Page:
In January, the New York Times published an article suggesting that “this year’s flu season is now more intense than any since the 2009 swine flu,” a time when I recall waking up every day to worsening news regarding the epidemic for nearly three weeks. The article also described the alarming number of deaths associated with the flu over the last decade. While natural death is never a pleasurable experience, metaphorical death happens every day in organizations at the hands of leaders who fail to cultivate a work culture rich in providing feedback, creating opportunities for learning and development, and having a genuine understanding of the unique talents of the people they lead.
F = Feedback
In a previous article, I described a formula that can be used in any situation or setting to script a feedback conversation. However, a script alone does not mean the message is received as intended. Often, even the most prepared leader will fail at delivering a message if he or she lacks the confidence or authenticity necessary to delivery both desirable and undesirable news.
Feedback is the development tool that benefits both the leader and the employee. For the employee, feedback enables behaviors to be either redirected or reinforced in real time. The key here is consistency, timeliness and accurate information. It is also important for the leader to model the behaviors expected of their team. The development opportunity for the leader exists when they focus on the end result and the appropriate behavior for arriving there rather than on their personality or character. Too often, leaders procrastinate on providing feedback for fear of resentment or disengagement, or because they do not have the emotional intelligence to say what needs to be said. In this case, the leader has to be willing to admit where they fall short and work toward mastering that skills gap.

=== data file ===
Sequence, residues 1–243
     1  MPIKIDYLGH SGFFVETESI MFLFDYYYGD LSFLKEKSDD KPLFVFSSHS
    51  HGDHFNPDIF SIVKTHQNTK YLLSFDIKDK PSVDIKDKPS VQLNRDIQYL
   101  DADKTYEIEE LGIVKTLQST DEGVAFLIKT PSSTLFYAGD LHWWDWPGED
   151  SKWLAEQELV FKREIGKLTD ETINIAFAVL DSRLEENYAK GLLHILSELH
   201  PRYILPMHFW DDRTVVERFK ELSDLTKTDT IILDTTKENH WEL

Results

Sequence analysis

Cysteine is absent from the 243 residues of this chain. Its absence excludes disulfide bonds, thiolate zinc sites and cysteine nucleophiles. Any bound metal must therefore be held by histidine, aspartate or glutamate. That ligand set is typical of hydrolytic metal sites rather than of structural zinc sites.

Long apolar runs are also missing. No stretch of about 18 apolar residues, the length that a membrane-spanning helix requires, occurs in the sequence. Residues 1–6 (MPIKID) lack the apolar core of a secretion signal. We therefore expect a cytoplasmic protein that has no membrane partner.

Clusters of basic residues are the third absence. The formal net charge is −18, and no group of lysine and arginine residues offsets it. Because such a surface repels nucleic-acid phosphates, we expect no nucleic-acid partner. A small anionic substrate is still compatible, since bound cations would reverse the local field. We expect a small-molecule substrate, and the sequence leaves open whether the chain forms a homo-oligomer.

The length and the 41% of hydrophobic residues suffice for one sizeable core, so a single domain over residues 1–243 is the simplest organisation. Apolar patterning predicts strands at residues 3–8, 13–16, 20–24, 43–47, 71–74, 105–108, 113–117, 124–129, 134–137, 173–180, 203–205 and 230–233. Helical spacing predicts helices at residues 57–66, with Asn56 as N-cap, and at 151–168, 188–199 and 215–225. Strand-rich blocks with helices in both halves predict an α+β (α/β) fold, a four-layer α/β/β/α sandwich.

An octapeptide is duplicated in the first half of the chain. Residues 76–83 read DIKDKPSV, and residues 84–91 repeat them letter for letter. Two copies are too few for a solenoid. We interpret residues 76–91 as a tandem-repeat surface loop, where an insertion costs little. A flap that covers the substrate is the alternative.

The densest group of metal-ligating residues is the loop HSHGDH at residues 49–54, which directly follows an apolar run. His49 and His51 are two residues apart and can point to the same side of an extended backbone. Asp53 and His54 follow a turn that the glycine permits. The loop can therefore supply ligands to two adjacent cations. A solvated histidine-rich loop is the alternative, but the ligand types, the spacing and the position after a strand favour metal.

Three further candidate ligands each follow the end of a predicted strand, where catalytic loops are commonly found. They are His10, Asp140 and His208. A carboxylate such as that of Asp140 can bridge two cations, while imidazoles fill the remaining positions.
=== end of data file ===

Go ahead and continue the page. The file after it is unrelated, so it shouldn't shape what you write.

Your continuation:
L = Learning and Development
An organization that thrives to provide exceptional service in the way it delivers products and services will always find challenges with maintaining the culture appropriate to accomplish this goal. Because markets change so frequently, the best way to ensure that an organizational culture is equipped to remain competitive is to provide ongoing learning and development opportunities.
While nearly every L&D practitioner understands level one and level two assessment when creating and launching training events, not everyone is able to truly measure training impact or prove a solid return on the training investment. For these reasons, leaders are encouraged to engage in L&D opportunities much sooner than later. Engagement, in this case, involves working with stakeholders to identify performance gaps that connect with a performance metric. It might also require the leader to single-handedly champion the L&D initiative until stakeholders see its value to the organization. Too often, employees disengage from what a leader might initially refer to as an important L&D opportunity because they witness or become aware of his or her dwindling interest.
U = Understanding the Unique Talents of Constituents
We live in a society where opportunities are endless and entrepreneurship is the new career advancement opportunity. The advancement of technology, coupled with the innovative talent often trapped within the walls of many organizations, compels employees with unique talents to advance their personal mission and vision by any means necessary. What makes this issue even more challenging is the lack of skills, attention and support that some organizational leaders exhibit when confronted with the opportunity to prepare their talent pipeline for new opportunities. These disparities make it easy for recruiters to bait talented individuals who once relied on their leaders to mentor or sponsor their next career opportunities.
Leaders who do take the time to assess the skills of their current and prospective team members outperform their counterparts. These individuals are intentionally focused on building teams that contribute to and understand the organization’s strategy while using their supreme talent(s) to execute. This approach requires the leader to be present, accessible and secure in his or her own talents.
Gone are the days when words were enough to validate one’s ability to lead effectively. Now, more than ever, actions speak much louder than words.